1. AVOID ADDING ITEMS THAT ARE NOT MEANT FOR GARBAGE DISPOSALS
The main reason for disposal clogs is putting the wrong kind of wastes into it. In the manuals of every garbage disposal, manufacturers clearly state what not to put into them. Some of those items include;
a. Fibrous products
Fibrous products like Banana peels are notorious clog makers. Does that sound silly? Well, these fibers are not so easy to grind, and they clog the drain with ease by forming an organic net that prevents water and other wastes from flowing out of the disposal.
b. Starchy products
Starchy products like rice and pasta swell when kept in contact with water. When kept in a disposal they expand and make it difficult for the cutting blades/discs to move and eventually create a clog. These starchy products also stick to the walls and in the gap between the disposal’s parts which can cause long term damages.
c. Egg shells
You wouldn’t have ever thought that these tiny items can make a disposal unit clog. But yes, they may not seem to be a problem when used once or twice but rise out to be a great problem with regular use. Egg shells have a thin non-permeable membrane under them which on grinding sticks to the blades and the walls. Over time as these accumulations increase they will prevent the free flow of water and causes clogs which are difficult to remove.
d. Grease & oil
While they seem harmless, grease and oils tend to solidify when cold. Garbage disposals are usually operated by continuously running cold/normal water, and that’s enough for grease and oil to solidify. Once solidified they cannot be ground, they remain as a non-permeable heap of paste which doesn’t pass through the drainage pipe and causes clogs.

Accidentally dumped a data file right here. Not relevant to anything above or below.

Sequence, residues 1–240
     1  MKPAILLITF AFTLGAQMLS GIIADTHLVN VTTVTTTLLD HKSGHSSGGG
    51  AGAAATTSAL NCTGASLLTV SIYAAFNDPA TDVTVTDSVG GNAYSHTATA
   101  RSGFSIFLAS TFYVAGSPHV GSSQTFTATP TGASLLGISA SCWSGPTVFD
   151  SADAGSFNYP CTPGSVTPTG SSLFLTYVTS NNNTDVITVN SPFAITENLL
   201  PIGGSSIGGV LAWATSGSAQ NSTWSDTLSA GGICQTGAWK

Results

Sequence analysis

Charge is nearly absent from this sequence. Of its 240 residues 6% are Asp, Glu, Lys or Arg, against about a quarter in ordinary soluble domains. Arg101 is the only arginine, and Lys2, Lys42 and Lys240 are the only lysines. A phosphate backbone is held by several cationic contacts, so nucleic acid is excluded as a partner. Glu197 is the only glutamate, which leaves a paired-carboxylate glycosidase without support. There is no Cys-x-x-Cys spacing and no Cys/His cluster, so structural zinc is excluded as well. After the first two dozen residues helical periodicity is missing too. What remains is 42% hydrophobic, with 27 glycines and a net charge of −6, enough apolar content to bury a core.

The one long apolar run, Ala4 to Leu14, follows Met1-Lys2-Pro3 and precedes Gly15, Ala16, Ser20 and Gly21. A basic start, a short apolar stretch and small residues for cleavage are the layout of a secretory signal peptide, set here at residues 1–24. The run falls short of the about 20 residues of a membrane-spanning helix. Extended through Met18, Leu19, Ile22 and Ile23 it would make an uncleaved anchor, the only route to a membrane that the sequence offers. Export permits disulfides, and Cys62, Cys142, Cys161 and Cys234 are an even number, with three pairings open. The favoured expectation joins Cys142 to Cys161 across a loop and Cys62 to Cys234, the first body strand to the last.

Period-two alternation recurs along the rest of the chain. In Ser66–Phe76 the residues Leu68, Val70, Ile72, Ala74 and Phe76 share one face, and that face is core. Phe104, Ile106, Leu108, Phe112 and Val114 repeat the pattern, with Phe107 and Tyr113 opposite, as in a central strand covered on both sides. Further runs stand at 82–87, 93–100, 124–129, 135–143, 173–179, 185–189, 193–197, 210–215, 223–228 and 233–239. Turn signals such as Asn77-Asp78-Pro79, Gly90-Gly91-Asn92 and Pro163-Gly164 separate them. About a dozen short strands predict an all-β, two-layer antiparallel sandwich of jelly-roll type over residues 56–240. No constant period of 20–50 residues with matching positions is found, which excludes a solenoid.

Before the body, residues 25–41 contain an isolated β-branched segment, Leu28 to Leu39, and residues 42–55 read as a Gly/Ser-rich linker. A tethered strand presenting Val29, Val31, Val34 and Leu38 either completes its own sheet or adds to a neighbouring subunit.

2. ADD FOOD WASTE IN SMALL BATCHES
Garbage disposals cannot process a large volume of food wastes at once. Overloading the disposal by adding too much waste to grind usually breaks its electrical circuit (where you can restart the disposal by resetting it) but can also cause clogs. So to prevent this add food wastes in small batches and add them only after the previous batch is completely disposed.
3. RUN COLD WATER
A continuous flow of water is necessary for the working of most disposals. If you fail to do that the disposal won’t be able to drain the wastes properly, this will immediately lead to a nasty clog. And do not use hot water since it will liquefy any fat/grease present in the food wastes and they will eventually solidify and cause clogs.
4. KEEP THE DISPOSER RUNNING
Do not turn off the disposer immediately after using it; keep it running for some more time to prevent the wastes from accumulating in the drain pipe and causing clogs. The best practice is to keep the disposer ON with water running for about 30 seconds even after the disposing of is done. This will eliminate any tiny waste material left in the disposal and keeps the pipelines clean.
5. CLEAN THE DISPOSAL ONCE A WEEK
Cleaning your disposer regularly not only avoid clogs but also is a hygienic practice. You can occasionally grind some ice cubes to sharpen the blades, some lemon slices to get rid of any smells and using a combination of baking soda and vinegar to clean its insides. Uses of any chemicals are not recommended though.
Here’s a video on how to clean a garbage disposal:
As in the case of any machine proper maintenance and responsible use are key to the smooth working and longevity of a garbage disposal. Hope you are able to avoid and remove clogs with the tips above. Do let me know your comments.